Tools Posts

Instant Search Results With Google Instant

Tuesday, September 21st, 2010

In a world of instant everything we find it hard to wait even a minute for anything online. If we can’t get a web page to appear within a couple of seconds, most figure it’s probably not worth visiting.

The folks at Google are catering to that very need in our lives with ‘Google Instant’.

Now when you visit the Google home page and begin typing your search terms, Google begins searching and showing you the results. This omits the need to type in your complete sentence or search term if the correct site appears while showing you in milliseconds if your terms aren’t going to yield the results you are looking for.

They have also improved the predictions feature in the search box. So now if are typing and you see the correct finished term you can click it and see your results immediately. Google estimates that between the predictions feature and the instant search results they can save any surfer two to five second per search. For someone who works online and searches different sites, blogs, and articles all day long it can save hours over time and frustrations instantly.

There are those who would serve to question some of the prediction details. Google has created a list of words for which it will not predict or offer instant results. These words are meant to prevent promoting sexual or inappropriate websites, however the list is ‘imperfect’ admits a Google spokesperson to the media.

In the list the words “lesbian, cocaine and domination” are taboo while “gay, heroin and crack” are okay.

“It’s important to note that removing queries from auto-complete is a hard problem, and not as simple as blacklisting particular terms and phrases,” Says that same spokesperson. Presumably Google will continue to refine the search terms and results the best that they can.

For those who don’t appreciate change, or are offended by the blacklisted terms, Google has provided a ‘turn off’ option in your preferences area that allows you to search the way you always have.

5 “Must Have” WordPress Plugins

Friday, April 9th, 2010

We frequently get emails from clients asking about whether or not they should install a particular plugin for their WordPress blog. Many times the answer is “Well…it depends.” It depends on that other plugins you have installed and what your goals are with blogging. Below are 5 WordPress plugins that are a safe bet for any blog:

1. All In One SEO Pack – This is by far the most useful plugin to maximize the SEO potential of your company or personal blog. There are a number of other SEO plugins for WordPress but I’ve found this one to be the most comprehensive and easiest to configure. Some of the main features include:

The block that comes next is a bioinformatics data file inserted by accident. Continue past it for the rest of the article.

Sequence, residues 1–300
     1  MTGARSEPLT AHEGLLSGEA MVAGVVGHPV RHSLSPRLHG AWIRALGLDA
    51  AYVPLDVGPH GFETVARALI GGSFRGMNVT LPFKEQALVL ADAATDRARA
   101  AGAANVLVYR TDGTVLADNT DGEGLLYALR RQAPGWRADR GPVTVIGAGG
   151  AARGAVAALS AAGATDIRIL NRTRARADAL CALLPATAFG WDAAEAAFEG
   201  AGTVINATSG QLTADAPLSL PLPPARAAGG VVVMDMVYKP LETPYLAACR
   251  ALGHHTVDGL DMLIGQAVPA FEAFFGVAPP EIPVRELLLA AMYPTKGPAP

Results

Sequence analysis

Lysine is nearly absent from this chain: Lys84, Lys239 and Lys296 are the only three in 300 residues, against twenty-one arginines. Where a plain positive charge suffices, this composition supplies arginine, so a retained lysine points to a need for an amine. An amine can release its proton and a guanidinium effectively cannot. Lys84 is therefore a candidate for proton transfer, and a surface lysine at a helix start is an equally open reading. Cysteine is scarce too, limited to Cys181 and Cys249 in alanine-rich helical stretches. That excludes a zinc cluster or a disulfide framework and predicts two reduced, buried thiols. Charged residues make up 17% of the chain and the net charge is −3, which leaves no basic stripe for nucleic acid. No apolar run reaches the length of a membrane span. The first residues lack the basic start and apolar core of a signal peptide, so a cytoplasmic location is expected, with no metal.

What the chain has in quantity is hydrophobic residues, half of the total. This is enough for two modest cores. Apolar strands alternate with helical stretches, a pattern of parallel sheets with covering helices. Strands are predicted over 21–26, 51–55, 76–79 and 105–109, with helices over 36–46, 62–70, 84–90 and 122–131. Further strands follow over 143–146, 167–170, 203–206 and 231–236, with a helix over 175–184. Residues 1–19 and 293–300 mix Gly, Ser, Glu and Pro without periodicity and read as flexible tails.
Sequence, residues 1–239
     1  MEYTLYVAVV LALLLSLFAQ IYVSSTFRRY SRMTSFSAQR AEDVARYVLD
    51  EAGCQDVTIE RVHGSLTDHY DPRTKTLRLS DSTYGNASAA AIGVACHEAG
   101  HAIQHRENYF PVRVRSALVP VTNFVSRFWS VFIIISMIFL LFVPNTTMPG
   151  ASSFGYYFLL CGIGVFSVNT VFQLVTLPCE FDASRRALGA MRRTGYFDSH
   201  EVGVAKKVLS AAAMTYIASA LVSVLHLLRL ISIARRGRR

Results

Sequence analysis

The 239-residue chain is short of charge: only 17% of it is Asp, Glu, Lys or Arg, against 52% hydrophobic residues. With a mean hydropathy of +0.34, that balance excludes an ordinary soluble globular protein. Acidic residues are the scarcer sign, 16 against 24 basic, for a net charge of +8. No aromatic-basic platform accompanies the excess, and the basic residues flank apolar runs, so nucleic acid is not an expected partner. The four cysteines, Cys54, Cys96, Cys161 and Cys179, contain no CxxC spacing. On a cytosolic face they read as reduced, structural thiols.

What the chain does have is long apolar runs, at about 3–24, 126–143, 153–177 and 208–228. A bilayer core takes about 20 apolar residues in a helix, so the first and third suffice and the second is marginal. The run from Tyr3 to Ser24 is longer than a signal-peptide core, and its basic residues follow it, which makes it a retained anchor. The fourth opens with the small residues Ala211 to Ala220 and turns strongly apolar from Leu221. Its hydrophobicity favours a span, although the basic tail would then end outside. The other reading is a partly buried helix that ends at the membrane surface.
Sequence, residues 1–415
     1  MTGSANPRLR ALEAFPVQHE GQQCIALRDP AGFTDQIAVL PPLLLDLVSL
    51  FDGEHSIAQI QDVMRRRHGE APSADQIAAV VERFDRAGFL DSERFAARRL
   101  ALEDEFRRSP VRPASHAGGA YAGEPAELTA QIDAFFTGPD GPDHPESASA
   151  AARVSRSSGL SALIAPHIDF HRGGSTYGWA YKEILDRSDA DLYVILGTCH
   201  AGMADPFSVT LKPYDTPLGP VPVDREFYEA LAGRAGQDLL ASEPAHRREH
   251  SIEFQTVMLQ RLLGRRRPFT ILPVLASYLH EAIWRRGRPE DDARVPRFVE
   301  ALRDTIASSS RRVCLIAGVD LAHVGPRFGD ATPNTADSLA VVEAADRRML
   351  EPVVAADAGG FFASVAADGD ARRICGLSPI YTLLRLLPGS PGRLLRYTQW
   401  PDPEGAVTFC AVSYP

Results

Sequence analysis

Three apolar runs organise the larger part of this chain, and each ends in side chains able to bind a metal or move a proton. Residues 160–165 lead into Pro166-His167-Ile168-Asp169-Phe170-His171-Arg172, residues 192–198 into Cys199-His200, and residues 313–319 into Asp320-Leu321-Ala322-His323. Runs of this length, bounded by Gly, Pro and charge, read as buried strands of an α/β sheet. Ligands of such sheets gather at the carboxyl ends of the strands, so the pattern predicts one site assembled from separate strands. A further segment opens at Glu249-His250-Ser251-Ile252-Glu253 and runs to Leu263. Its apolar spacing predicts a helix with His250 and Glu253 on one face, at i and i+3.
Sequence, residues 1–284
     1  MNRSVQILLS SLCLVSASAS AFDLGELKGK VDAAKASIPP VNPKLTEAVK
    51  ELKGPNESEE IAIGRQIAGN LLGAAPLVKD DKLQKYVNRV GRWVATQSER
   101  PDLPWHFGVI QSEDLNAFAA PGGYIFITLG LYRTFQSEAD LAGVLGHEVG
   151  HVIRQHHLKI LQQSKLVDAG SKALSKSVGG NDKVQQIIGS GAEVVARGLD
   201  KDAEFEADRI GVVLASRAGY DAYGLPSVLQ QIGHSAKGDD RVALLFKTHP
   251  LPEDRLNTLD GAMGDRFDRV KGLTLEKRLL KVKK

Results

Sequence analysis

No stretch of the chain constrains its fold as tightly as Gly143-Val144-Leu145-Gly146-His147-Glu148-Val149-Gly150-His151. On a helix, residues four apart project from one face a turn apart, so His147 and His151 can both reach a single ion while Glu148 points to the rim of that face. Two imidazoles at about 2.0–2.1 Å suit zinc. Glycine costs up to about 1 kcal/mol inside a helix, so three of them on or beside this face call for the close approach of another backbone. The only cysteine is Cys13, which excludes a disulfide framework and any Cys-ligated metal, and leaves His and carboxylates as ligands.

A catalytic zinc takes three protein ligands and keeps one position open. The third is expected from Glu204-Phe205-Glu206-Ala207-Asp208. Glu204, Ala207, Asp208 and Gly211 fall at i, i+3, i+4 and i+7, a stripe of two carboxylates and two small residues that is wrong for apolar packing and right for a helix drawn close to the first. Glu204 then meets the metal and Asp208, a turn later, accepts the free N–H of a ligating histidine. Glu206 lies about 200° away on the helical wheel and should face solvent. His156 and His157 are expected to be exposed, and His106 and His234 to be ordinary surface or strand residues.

• Advanced Canonical URLs
  • Fine tune Page Navigational Links
  • Built-in API so other plugins/themes can access and extend functionality
  • ONLY plugin to provide SEO Integration for WP e-Commerce sites
  • Nonce Security
  • Support for CMS-style WordPress installations
  • Automatically optimizes your titles for search engines
  • Generates META tags automatically
  • Avoids the typical duplicate content found on WordPress blogs
  • For beginners, you don’t even have to look at the options, it works out-of-the-box. Just install.
  • For advanced users, you can fine-tune everything
  • You can override any title and set any META description and any META keywords you want.
  • Backward-Compatibility with many other plugins, like Auto Meta, Ultimate Tag Warrior and others.

2. Socialize – The Socialize plugin simplifies the task of adding buttons allowing reader to share/save your posts on social networking and social bookmarking websites. These buttons can be added manually but this requires copy and pasting code from each social networking/bookmarking site in the correct places of your WordPress template. Bah….who has time for that?! Socialize gives you a quick and easy interface to customize which buttons are included and where they appear.

3. TweetMeme Button – The TweetMeme button (seen in the top right of this blog post) is one of that fastest and easiest ways to encourage readers to tweet about your blog post. Granted, there may be some overlap with Socialize but it really depends on how you configure each plugin. One key feature that TweetMeme has over socialize is that it can be integrated with for additional web analytics. In addition to that the standard list of features is fairly impressive too:

  • Hashtag support (which are automatically taken from your post tags)